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Reungoat J.,University of Queensland | Macova M.,University of Queensland | Escher B.I.,University of Queensland | Carswell S.,University of Queensland | And 3 more authors.
Water Research | Year: 2010

Pharmaceutical compounds are found in secondary treated effluents up to μg L-1 levels and therefore discharged into surface waters. Since the long term effects of these compounds on the environment and human health are, to date, largely unknown, implementation of advanced treatment of wastewaters is envisaged to reduce their discharge. This is of particular relevance where surface waters are used as drinking water sources and when considering indirect potable reuse. This study aimed at assessing the removal of organic micropollutants and the concurrent reduction of their biological activity in a full scale reclamation plant treating secondary effluent. The treatment consists of 6 stages: denitrification, pre-ozonation, coagulation/flocculation/dissolved air flotation and filtration (DAFF), main ozonation, activated carbon filtration and final ozonation for disinfection. For that purpose, representative 24-hour composite samples were collected after each stage. The occurrence of 85 compounds was monitored by LC/MS-MS. A battery of 6 bioassays was also used as a complementary tool to evaluate non-specific toxicity and 5 specific toxic modes of action. Results show that, among the 54 micropollutants quantified in the influent water, 50 were removed to below their limit of quantification representing more than 90% of concentration reduction. Biological activity was reduced, depending on the specific response that was assessed, from a minimum of 62% (AhR response) to more than 99% (estrogenicity). The key processes responsible for the plant's performances were the coagulation/flocculation/DAFF, main ozonation and activated carbon filtration. The effect of these 3 processes varied from one compound or bioassay to another but their combination was almost totally responsible for the overall observed reduction. Bioassays yielded complementary information, e.g. estrogenic compounds were not detected in the secondary effluent by chemical analysis, but the samples had an estrogenic effect. The main ozonation formed oxidation by-products of the organic micropollutants but decreased the level of non-specific toxicity and other specific toxic modes of action, demonstrating that the mixture of oxidation by-products was less potent than the mixture of the parent compounds for the considered effects. © 2009 Elsevier Ltd. All rights reserved. Source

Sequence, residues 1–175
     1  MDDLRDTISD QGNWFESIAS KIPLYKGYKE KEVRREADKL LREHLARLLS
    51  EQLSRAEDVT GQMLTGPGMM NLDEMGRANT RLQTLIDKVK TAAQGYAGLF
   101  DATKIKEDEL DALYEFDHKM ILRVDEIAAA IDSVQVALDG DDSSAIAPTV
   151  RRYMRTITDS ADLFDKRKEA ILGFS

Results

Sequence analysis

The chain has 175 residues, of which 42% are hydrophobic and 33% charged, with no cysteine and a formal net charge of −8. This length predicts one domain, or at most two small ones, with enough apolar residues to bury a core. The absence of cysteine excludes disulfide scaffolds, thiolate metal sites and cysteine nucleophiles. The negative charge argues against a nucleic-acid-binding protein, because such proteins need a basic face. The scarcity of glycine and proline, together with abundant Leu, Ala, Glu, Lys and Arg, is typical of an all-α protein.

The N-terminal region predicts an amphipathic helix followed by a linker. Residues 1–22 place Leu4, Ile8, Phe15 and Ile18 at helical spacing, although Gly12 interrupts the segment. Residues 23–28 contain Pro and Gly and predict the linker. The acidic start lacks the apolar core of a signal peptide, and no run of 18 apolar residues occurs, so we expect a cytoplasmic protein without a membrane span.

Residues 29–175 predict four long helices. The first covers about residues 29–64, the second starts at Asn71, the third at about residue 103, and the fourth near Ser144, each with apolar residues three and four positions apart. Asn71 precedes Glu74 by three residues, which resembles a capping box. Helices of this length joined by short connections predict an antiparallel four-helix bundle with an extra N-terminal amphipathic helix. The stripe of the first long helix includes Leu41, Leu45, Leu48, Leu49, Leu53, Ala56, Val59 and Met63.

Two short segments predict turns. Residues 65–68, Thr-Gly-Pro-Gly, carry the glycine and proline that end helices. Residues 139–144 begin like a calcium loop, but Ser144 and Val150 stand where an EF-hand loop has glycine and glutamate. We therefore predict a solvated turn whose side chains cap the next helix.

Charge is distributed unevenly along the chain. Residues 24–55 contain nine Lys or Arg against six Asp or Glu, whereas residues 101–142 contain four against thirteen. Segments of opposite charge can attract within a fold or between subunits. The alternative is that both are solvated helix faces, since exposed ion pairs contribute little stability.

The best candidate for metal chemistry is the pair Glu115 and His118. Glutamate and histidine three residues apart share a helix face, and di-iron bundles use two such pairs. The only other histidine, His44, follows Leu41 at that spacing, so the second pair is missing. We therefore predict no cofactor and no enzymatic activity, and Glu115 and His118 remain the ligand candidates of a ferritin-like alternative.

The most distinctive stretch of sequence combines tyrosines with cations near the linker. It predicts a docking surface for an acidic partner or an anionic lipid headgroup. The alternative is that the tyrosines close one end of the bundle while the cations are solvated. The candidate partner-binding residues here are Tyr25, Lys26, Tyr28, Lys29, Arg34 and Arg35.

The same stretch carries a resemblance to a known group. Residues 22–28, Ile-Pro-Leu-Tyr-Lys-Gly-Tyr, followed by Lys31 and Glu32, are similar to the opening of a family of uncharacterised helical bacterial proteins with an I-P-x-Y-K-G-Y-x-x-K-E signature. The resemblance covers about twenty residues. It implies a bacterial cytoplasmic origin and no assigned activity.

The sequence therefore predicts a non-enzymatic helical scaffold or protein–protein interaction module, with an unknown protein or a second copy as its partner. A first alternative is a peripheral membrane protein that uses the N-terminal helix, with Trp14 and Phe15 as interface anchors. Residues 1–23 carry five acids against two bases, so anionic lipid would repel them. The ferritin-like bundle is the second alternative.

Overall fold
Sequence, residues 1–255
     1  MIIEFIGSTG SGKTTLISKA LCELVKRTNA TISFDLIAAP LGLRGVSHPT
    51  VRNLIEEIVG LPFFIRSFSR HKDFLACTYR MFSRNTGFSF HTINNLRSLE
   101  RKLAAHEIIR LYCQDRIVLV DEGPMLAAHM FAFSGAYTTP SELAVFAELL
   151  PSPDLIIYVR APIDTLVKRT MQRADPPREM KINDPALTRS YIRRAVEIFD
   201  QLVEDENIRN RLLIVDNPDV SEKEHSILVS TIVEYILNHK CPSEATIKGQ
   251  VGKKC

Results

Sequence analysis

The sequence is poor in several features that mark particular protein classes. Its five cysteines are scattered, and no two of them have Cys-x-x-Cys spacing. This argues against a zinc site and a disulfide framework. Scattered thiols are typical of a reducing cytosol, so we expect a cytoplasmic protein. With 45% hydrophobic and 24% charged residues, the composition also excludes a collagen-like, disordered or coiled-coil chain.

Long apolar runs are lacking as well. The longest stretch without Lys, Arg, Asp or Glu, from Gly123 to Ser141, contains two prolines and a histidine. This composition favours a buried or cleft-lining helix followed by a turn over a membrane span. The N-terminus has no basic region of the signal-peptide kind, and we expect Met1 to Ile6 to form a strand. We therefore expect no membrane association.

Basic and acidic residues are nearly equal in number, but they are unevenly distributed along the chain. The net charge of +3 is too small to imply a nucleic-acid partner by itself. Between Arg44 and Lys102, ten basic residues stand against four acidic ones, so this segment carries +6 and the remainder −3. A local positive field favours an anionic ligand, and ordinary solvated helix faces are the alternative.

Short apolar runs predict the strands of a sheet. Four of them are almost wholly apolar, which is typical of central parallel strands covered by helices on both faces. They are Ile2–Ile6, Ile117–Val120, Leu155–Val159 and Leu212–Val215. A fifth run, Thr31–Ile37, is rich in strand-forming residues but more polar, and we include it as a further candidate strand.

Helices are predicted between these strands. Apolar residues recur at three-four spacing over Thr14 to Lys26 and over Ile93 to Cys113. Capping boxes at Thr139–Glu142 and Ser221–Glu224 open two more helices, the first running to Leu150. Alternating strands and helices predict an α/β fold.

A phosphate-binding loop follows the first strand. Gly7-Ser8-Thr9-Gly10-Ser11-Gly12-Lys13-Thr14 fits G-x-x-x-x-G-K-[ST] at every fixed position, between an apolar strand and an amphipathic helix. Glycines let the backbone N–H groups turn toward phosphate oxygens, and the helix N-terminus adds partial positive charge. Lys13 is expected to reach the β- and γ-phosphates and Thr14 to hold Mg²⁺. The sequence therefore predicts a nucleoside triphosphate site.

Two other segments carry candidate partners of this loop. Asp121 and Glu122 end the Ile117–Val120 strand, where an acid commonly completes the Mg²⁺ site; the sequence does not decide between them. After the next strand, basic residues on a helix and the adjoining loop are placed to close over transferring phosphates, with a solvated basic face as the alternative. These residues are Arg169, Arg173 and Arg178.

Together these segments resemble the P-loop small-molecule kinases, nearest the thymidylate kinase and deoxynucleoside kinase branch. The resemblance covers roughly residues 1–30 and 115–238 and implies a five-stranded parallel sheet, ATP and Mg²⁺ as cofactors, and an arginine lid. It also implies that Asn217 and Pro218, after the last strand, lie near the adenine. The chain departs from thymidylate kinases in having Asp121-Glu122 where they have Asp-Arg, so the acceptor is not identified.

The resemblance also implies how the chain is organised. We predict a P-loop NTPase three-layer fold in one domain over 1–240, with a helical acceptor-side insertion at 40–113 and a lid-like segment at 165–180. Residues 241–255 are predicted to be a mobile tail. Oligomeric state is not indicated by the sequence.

Farre M.J.,University of Queensland | Keller J.,University of Queensland | Holling N.,Organics Laboratory | Poussade Y.,Veolia Water Australia | Gernjak W.,University of Queensland
Water Science and Technology | Year: 2011

The formation of N-nitrosodimethylamine (NDMA) is of major concern among wastewater recycling utilities practicing disinfection with chloramines. The NDMA formation potential (FP) test is a simple and straightforward method to evaluate NDMA precursor concentrations in waters. In this paper we show the NDMA FP results of a range of tertiary wastewater treatment plants that are also the source for production of recycled water using an Ultrafiltration - Reverse Osmosis (UF-RO) membrane process. The results indicate that the NDMA FP of different source waters range from 350 to 1020±20 ng/L. The fate of these NDMA precursors was also studied across the different stages of two Advanced Water Treatment Plants (AWTP) producing recycled water. These results show that more than 98.5±0.5% of NDMA precursors are effectively removed by the Reverse Osmosis (RO) membranes used at the AWTPs. This drastically reduces any potential for re-formation of NDMA after the RO stage even if chloramines may be present (or added) there. © IWA Publishing 2011. Source